Whole crop cereal silage

These trials began in Autumn of 2014 and are investigating how crop management can be used to optimise yield and quality factors and predict harvest time with more certainty are on-going.

Trials in Waikato and Canterbury will assess the best fit for cereal silage in sequence with other crops to maximise annual productivity.

Autumn sown whole crop cereal silage 2014-15 Key points

  • Oats are more suited to a green chop harvest than a direct chop, while triticale and wheat performed well at both harvests. Barley had the lowest green chop yield.
  • Crops gained an average of 310 kg DM/ha/day after flag-booting, so every day counts (but don't miss the harvest window).
  • The first consideration for crop selection is the fit for the rotation.
  • The second consideration is a tricky balance between yield and feed quality:
    • This season, barley yield was comparable to wheat and had a much higher proportion of grain
    • PGR may be able to enhance feed quality in some cases

Whole crop cereal silage is a high carbohydrate-low protein feed supplement to pasture for dairy cows. Much of the cereal silage grown is sown in the spring, but an autumn planting provides a higher yield potential, so trials in the 2013-14 and 2014-15 seasons have looked at how management inputs affect DM yield, feed quality, and harvest window of autumn sown cereal silage crops.

Results from the 2013-14 trial indicated that wheat was both high yielding and gave the most flexibility in the harvest window. The 2014-15 trial was therefore designed to look more closely at wheat and to determine how yield and quality components were affected by PGR inputs over wheat cultivars with different maturities and heights.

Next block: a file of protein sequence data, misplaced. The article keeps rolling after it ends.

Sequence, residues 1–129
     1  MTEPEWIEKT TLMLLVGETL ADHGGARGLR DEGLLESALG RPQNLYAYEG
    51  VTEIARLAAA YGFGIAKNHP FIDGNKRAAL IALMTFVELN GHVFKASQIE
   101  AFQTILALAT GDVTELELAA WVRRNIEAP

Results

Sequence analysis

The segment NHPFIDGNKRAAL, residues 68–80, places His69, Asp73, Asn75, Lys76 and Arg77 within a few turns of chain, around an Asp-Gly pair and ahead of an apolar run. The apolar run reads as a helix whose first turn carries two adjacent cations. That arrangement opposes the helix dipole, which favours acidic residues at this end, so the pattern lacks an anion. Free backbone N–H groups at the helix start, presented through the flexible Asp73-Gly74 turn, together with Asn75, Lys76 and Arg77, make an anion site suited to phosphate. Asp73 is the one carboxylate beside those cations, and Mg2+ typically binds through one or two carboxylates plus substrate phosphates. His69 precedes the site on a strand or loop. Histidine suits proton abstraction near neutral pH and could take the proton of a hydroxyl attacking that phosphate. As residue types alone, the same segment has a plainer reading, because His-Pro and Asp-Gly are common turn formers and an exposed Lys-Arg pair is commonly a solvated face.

Five wheat cultivars (Wakanui, Raffles, Torch, 09-25*, and 12-45*) were tested alongside oats (Coronet), triticale (Prophet), and barley (Sanette). Plots were sown at Lincoln, Canterbury on 7 May 2014 and later harvested for DM yield and quality at three timings: flag-boot stage (green chop), 38% DM (direct chop), and at grain maturity.

At green chop harvest, oats and triticale yielded the highest (4.9 and 4.5 t/ha), while triticale and wheat were the highest yielding at the 38% DM harvest (23.2 and 21.4 t/ha). No differences were seen in yield between wheat cultivars at either harvest.

From flag-booting to the cheesy dough stage (~38% DM), the estimated change in biomass averaged 310 kg DM/ha/day and 840 kg/ha per change in DM%. Wheat and triticale put on the most biomass per day and per increase in DM%. Cereal species was the most important factor contributing to the ratio of head to total biomass at direct chop harvest as well as the harvest index at grain maturity.

The PGR regime was only able to improve these characteristics in certain cultivars. Barley had the highest harvest index. It is important to keep in mind that in a direct chop harvest, the grain component is the most important contributor to feed quality characteristics such as digestibility and metabolisable energy (ME). While some crops may be higher yielding than others, it is the grain portion that drives quality, so a good balance of the two is needed when deciding what to sow.